Posts Tagged ‘reader’

More Ebook Prices Rise

February 5, 2010

It seems that Amazon’s ability to offer ebooks at a lower price than Apple’s announced iBook shop is being eroded more quickly than even dire predictions had supposed it might.

Looks like physical books could turn out to be cheaper...

Word comes from Gizmodo that more of Amazon’s “big six” publishers have been pushing prices up to the higher price point for “hardcover bestsellers,” which is an interesting term to use in an entirely data environment. After MacMillan’s move on Monday to see prices bumped to the $15 mark on certain titles, it seems that other publishers have come pouring in with similar requests to make of Amazon’s Kindle Store.



eBook Users Have No Regrets

February 5, 2010

It seems that those of us who have already mode the move to electronic books are very well served indeed by them, apparently regardless of the hardware options.

Indeed, word comes via RegHardware of a survey from industry analysts NPD that those who’ve sprung for ebook reading hardware are very pleased indeed with their purchases. Apparently, 93% of those who’ve picked up an ebook reader fall into either the “very satisfied” or “somewhat satisfied” camps in NPD’s research. Perhaps more interesting still is the fact that only 2% of those surveyed actually said that they weren’t satisfied with their devices.


Amazon Caves on eBook Prices

February 1, 2010

It seems that the running spat between Amazon and publisher Macmillan has come to something of a close, with Amazon announcing that it will allow the books to be sold for the price Macmillan had requested.

When I was your age, Pluto was a planet and we used to argue about the prices of REAL books...

The issue arose when Macmillan attempted to price digital versions of its books at $15, which is fully 150% of the usual amount for ebooks available through Amazon’s Kindle Store. Macmillan weighed in with the fairly heavy threat that, unless Amazon allowed the heftier pricing, it would not be distributing new books to Amazon on release.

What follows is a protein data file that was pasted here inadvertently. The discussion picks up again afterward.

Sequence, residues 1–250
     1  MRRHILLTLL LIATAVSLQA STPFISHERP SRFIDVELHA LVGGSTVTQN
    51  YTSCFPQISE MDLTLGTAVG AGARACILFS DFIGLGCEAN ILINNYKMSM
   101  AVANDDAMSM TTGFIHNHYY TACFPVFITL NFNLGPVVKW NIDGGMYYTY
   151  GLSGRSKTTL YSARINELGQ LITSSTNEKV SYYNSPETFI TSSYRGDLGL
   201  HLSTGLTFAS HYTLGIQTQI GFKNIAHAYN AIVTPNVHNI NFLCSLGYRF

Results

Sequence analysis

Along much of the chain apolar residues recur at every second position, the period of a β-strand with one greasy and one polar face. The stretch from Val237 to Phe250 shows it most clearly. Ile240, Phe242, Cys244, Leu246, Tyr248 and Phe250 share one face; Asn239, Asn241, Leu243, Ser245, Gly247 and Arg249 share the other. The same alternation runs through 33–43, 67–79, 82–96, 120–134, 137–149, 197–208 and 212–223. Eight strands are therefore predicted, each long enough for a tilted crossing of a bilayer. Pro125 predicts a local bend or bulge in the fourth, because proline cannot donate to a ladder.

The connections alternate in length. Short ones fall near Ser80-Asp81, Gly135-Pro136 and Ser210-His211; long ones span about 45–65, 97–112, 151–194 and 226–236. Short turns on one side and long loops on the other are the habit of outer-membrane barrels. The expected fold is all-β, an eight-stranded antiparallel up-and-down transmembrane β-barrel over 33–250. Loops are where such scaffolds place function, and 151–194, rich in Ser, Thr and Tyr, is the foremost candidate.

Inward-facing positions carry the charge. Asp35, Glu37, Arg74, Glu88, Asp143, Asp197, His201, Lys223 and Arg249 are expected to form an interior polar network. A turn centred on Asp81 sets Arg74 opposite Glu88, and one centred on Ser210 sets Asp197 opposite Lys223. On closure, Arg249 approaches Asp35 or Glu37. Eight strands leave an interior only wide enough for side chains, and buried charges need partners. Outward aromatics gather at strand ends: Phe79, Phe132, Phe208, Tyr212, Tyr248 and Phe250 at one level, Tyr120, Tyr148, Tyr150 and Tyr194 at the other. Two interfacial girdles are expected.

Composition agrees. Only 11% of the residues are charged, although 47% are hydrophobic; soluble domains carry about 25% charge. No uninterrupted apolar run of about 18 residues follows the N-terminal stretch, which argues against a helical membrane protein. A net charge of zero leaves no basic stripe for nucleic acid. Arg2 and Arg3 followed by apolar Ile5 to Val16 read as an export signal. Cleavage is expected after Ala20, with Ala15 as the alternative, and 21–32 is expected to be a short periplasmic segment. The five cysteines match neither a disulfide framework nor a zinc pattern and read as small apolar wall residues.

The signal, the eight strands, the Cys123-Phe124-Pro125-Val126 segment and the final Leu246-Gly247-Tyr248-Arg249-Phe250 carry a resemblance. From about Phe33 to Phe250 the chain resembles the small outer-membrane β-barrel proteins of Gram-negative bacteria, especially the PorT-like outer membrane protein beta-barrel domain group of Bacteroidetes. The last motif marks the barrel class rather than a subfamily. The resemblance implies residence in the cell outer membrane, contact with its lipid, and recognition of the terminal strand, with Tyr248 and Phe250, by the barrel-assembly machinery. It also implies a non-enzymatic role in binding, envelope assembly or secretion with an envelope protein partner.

Amazon Profits Skyrocket

January 29, 2010

It seems that Amazon has been living it up, thanks in no small part to massive sales of its Kindle ebook reader over the Christmas block.

Amazon seems to have KINDLED a virtual book market... please, shoot me.

According to Cnet, Amazon has had a very fine year indeed, with revenue up to $9.52 billion, a fairly staggering increase on last year, to the tune of 42%. Indeed, reports also indicate that Amazon has seen profits rise by around the 70% mark, which is nothing to be sneezed at. Apparently, the fourth quarter of last year (which happily enough includes both Christmas and the US’s Black Friday sales) was the most profitable quarter the company has ever seen.


Kindle Users Rebel After Ebook Delays

January 20, 2010

Users of Amazon’s Kindle have rebelled against the policy of delaying sales of digital versions of books, campaigning to lower sales of the books in question.

'One out of five stars, because the other version is late...'

It seems that, according to the Guardian, Kindle users who have been less than impressed with the timing of ebook releases this year have taken matters into their own hands. The victim in all of this (on the book side) has been Game Change, which details the race for the US presidency in 2008. The Kindle version of Game Change has seen delays, with many citing piracy fears as the reason.


What happened in Vegas won’t stay in Vegas

January 11, 2010

Several hundred jammy journalists no doubt woke up clutching that last $25 poker chip wondering where it all went wrong this morning; trying to recall something news worthy from their weekend in Las Vegas.